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Mary Coombs, first woman commercial programmer • The Register | #itsecurity | #infosec | #hacking | #aihp


Obituary British programmer Mary Coombs, the first woman to program a computer designed for commercial applications, passed away on February 28 at the age of 93.

Coombs (née Blood), was born in northwest London on February 4, 1929 to William Blood and Ruth Blood (née Petri). She graduated from Queen Mary University London with a BA Honors degree in French. After spending a summer teaching English in Switzerland, she returned home in 1952 and took a temporary job in the ice-cream sales office of food chain J. Lyons & Co.

Shortly thereafter, she became a management trainee in the company’s statistical office. At that time, J. Lyons & Co. became interested in applying computing to company business operations – overseeing a chain of 250 tea shops and several corner houses in London. The company devised a test to find people to program the Lyons Electronic Office, or LEO.

LEO was developed at the behest of J. Lyons & Co. chief accountant John Simmons who recognized the potential of automating business operations. Simmons struck a deal to fund the Cambridge team developing the Electronic Delay Storage Automatic Calculator (EDSAC) in exchange for the right to build a copy.

The catering company sent out a memo announcing a “computer appreciation course” to recruit employees to help program LEO. Mary Coombs was the only woman among the 10 participants and one of the two who ended up being offered a programming job, the other being Frank Land.

“It was a simple, well, sort of intelligence test really, to see whether you could manipulate things, work out the logic of things and so on,” Coombs recounted in an oral history [PDF] she recorded for the British Library.

Computing in a time of valves

After landing the job, she participated in a week-long training course. This involved, she explained to her interviewer, “Learning about how the computer worked, which of course was pretty different from how modern computers work really, because it was valves and mercury delay tubes.

“But we learnt about binary, we learnt about how the actual computer was organised, we learnt about what were known as the initial orders, which were the instructions which we used to take everything in and set it up on the computer. There were some things that you couldn’t at that stage do. You could add and subtract and multiply. You had to use a subroutine of instructions to divide, you know, repetitive subtraction, sort of thing.”

The LEO I computer occupied an entire room, ran at 500 kHz and had just 2,000 35-bit words of memory.

The first LEO program debuted in November 1951. Called Bakery Valuations, it was designed to calculate the cost of the ingredients in the bread and cakes produced at J. Lyons & Co.’s Cadby Hall factory in London. According to the UK’s Science Museum, this was the first routine, real-time office application. Thereafter, a LEO program for handling payroll was developed.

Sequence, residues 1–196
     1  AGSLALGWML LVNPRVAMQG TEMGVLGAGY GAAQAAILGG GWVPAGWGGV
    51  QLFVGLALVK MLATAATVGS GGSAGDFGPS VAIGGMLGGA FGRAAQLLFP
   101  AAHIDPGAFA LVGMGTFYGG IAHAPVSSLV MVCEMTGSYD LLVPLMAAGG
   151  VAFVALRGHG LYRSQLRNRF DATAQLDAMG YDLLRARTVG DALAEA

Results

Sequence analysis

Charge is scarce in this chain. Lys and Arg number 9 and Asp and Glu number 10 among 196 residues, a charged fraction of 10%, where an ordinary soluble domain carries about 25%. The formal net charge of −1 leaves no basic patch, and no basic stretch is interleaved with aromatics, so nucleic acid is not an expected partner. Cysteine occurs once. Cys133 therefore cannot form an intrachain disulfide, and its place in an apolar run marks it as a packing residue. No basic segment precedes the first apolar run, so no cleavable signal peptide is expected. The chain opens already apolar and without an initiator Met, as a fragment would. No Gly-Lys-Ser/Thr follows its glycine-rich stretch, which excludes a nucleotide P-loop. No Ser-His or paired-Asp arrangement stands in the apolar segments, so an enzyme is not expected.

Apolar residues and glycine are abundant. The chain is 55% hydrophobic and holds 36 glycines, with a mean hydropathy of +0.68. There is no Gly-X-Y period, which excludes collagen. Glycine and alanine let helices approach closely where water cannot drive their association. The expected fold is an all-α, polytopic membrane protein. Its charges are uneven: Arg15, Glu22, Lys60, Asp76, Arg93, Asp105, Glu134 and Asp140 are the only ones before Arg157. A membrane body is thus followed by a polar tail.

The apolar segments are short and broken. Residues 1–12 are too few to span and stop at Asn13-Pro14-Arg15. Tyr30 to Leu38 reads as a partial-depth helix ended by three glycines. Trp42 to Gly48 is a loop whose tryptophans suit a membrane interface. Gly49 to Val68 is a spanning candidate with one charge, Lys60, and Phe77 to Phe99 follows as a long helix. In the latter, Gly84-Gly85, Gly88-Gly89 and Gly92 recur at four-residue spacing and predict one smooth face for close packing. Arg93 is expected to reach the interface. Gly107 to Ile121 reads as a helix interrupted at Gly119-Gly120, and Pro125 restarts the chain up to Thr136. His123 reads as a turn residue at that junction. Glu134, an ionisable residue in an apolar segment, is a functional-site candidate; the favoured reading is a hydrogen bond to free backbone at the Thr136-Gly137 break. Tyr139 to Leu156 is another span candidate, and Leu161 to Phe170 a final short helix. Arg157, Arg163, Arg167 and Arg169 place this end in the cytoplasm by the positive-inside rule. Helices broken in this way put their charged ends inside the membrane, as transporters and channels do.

Coombs began working on LEO programs in 1952. She learned how to program from John Grover, one of the first LEO programmers, and became part of a team that included Grover, Leo Fantl, and Derek Hemy. That group subsequently developed a similar payroll program for the Ford Motor Company.

In her oral history, Coombs described the planning process prior to writing code, which hasn’t changed all that much over time.

“Well, once you’ve got a specification in detail which has been agreed, you then have to draw flowcharts to show how this would be done on the computer, with boxes and arrows and… and every place where you need to make a decision,” she said. “…The flowcharts tended to get more complicated as time went on because the programs tended to become more complicated.”

Some things never change

In 1954, J. Lyons & Co. commercialized LEO under the name Leo Computer Ltd in order to offer it for sale to other companies. In her oral history, she describes the challenge of debugging the room-sized LEO.

“I can remember one particularly long evening when it kept going wrong and we were there all evening, because you had to have a programmer involved in this, the engineers couldn’t do it on their own,” she recalled. “And we eventually discovered that the management lift which went up to the fifth floor where the boardroom etc, was, was interfering.

“But it took an awful long time to work this out, because somebody had to think of it as a possible explanation when all else had failed. Because obviously if the lift wasn’t working, it would have been an intermittent sort of fault. So it was quite, quite difficult.”

Putney High School in London spoke to its former student Coombs for this video about her life and achievements:

Youtube Video

Coombs continued to work on programming the LEO II (1957), the world’s first commercially available computer, and the LEO III (1962).

Leo Computers became part of International Computers Limited (ICL) in 1968 (then called International Computers and Tabulators) and Coombs continued working there until the following year.

She married programmer John Coombs in 1955 and had a daughter, Anne, in 1961, who died at the age of six as a consequence of a disability. She and her husband adopted three other children, Andrew, Paul and Gillian.

Her husband died in 2012. Mary is survived by Andrew, Paul and Gillian and three grandchildren. ®

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